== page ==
In the two cases described, the subjects were suffering from severe depression with suicidal intent. They had a promising career ahead of them which faced jeopardy due to their illness. The response to drugs was rather slow and both were not willing for ECT due to risks of cognitive impairment just before their exams and for other social reasons. At this juncture, an injection of ketamine brought about dramatic improvement especially with regards to their suicidal ideation and saved them.

It can be seen that the improvement with the first injection was much greater than that after the second injection. Nevertheless, the improvement was continued in both of them and appeared to have speeded up the action of the ongoing antidepressant medication.

It is likely that their glutamatergic action had certainly brought about a rapid relief from their suicidal ideation as well as from depression.

It can also be noted that intramuscular route of administration was much easier method than an i.v. infusion, and could be taken up as an emergency procedure especially as in the first case, where it was given soon after the suicidal attempt without waiting for pre-operative preparation of a day as is required for ECT. Even in the second case, as there were practical hurdles in giving ECT due to lack of availability of his next of kin, i.m. ketamine was administered as an emergency procedure to control his suicidal ideas.


   Conclusion Top


Intramuscular ketamine injection has been found to bring about rapid relief from depression, especially the suicidal ideation comparable to administration as an i.v. infusion. It is thus foreseen as a promising tool in the emergency kit of not only psychiatrists but also primary care physicians. It is also envisaged as an effective alternative to ECT in severe depression especially where ECT is not preferred due to its related cognitive side effects and other social reasons. Well designed studies comparing i.v. vs. i.m. ketamine and ECT would elucidate the issue and possibly give us an important gadget in our armamentarium against severe depression.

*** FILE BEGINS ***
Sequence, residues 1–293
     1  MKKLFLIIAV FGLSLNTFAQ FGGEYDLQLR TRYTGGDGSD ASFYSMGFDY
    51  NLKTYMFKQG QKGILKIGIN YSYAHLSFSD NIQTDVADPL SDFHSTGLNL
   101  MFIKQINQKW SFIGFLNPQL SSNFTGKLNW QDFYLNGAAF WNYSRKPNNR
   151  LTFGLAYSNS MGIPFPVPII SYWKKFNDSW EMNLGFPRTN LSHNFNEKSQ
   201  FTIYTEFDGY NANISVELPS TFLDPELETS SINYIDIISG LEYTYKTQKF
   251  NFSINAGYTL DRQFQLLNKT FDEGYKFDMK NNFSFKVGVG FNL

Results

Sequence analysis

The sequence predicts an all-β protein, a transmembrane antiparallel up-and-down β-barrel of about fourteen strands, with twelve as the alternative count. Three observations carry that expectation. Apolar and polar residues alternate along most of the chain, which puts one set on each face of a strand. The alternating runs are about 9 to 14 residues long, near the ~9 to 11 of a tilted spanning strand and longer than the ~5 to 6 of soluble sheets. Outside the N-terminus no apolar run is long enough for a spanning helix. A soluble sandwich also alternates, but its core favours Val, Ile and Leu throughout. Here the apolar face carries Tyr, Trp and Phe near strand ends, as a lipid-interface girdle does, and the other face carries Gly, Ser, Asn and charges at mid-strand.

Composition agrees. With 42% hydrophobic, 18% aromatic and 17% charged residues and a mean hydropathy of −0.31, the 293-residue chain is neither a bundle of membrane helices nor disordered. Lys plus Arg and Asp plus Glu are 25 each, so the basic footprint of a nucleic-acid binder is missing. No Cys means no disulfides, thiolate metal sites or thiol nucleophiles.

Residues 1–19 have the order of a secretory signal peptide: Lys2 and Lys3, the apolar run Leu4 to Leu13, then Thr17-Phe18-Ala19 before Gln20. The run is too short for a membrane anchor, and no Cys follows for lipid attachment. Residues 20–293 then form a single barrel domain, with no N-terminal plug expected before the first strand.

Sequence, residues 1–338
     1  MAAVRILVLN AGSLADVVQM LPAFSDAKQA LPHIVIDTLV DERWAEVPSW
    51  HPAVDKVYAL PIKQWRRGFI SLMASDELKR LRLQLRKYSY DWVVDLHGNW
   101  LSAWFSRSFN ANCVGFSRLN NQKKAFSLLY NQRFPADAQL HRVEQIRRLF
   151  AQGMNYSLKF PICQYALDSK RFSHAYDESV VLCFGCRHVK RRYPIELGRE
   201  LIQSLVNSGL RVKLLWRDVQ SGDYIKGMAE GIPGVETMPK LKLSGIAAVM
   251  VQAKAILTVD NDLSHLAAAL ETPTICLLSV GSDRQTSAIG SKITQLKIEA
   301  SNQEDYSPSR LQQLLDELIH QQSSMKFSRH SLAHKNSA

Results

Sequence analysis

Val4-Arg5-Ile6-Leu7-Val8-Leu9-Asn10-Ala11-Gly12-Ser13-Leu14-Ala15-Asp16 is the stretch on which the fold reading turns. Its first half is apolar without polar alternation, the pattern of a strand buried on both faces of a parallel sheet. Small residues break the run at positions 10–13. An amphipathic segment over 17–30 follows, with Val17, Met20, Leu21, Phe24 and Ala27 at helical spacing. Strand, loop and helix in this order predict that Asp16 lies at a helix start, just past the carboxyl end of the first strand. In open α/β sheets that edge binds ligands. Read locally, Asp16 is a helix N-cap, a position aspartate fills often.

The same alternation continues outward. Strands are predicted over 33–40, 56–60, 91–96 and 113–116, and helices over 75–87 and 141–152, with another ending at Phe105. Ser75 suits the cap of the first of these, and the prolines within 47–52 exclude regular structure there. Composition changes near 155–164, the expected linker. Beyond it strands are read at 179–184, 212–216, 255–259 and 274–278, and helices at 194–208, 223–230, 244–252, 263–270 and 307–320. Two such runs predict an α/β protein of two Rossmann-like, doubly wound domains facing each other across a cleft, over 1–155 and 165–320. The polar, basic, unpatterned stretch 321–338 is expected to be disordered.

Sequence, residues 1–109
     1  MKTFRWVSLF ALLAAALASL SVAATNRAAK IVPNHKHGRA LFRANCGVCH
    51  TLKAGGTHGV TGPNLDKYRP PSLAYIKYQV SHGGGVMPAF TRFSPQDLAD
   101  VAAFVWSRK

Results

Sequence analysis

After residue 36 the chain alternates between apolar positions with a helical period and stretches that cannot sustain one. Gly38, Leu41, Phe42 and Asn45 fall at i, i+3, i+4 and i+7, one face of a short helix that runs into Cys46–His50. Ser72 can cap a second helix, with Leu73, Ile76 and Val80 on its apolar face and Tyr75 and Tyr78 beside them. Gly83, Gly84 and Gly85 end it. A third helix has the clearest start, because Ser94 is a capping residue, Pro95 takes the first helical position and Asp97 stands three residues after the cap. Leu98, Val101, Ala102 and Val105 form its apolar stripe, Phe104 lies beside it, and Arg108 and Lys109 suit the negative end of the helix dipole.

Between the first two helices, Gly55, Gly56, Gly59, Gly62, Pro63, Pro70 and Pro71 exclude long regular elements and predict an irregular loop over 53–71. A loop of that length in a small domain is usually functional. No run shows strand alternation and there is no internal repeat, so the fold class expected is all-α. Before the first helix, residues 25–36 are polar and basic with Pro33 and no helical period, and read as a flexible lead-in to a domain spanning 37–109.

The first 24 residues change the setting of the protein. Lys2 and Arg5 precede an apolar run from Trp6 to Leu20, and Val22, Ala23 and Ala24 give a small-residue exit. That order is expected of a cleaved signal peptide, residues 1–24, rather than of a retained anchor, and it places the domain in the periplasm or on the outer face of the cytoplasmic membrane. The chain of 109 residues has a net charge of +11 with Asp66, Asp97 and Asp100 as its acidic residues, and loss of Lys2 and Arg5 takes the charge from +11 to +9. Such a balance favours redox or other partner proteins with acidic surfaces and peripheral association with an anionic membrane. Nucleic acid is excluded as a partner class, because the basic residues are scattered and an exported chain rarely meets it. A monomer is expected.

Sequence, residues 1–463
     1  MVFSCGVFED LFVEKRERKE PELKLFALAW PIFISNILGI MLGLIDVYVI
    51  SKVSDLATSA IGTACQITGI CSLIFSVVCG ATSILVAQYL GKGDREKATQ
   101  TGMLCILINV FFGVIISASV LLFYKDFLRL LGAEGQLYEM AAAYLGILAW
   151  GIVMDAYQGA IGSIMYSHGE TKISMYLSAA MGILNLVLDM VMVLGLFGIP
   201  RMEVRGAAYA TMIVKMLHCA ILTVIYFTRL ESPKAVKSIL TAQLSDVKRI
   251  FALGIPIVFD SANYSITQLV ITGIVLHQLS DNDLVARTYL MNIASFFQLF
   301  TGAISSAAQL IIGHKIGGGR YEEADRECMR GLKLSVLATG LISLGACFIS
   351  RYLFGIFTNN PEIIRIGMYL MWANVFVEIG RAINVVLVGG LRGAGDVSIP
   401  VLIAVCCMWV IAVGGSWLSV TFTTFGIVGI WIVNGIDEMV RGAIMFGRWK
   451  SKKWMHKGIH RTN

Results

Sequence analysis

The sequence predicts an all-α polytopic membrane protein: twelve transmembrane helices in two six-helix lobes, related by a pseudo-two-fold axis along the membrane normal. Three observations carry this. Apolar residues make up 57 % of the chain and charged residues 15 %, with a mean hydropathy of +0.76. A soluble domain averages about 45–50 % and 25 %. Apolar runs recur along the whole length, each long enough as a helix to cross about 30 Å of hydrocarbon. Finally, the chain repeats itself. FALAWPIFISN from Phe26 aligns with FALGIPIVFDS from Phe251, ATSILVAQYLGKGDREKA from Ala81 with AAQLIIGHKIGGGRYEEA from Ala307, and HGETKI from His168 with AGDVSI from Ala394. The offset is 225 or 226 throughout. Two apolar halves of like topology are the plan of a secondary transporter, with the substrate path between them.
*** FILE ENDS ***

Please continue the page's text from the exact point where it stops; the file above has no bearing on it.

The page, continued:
References Top

1.Andrade C, Rao NS. How antidepressant drugs act: A primer on neuroplasticity as the eventual mediator of antidepressant efficacy. Indian J Psychiatry 2010;52:378-86.  Back to cited text no. 1
[PUBMED]  Medknow Journal  
2.Andrade C. Innovative approaches to treatment-refractory depression: The Ketamine Story. Synergy Times 2010;10.  Back to cited text no. 2
    
3.Adam R Winstock, Fabizio Schifano. Disorders relating to the use of ecstasy and other 'party drugs'. In: Michael G Gelder, Nancy C Andreasen, Juan J lopez-Ibor Jr, John R Geddes, editors. New Oxford Textbook of Psychiatry. vol. 1, 2 nd ed. New York: Oxford University Press Inc.; 2011. p. 499-501.  Back to cited text no. 3
    
4.Golechha GR, Sethi IC, Misra SL, Jayaprakash NP. Ketamine abreaction: A new approach to narcoanalysis. Indian J Psychiatry 1986;28:297-304.  Back to cited text no. 4
[PUBMED]  Medknow Journal  

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Correspondence Address:
Chilukuri Harihar
Department of Psychiatry, Narayana Medical College, Chintareddy Palem, Nellore, Andhra Pradesh - 524 002
India
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Source of Support: None, Conflict of Interest: None


DOI: 10.4103/0019-5545.111461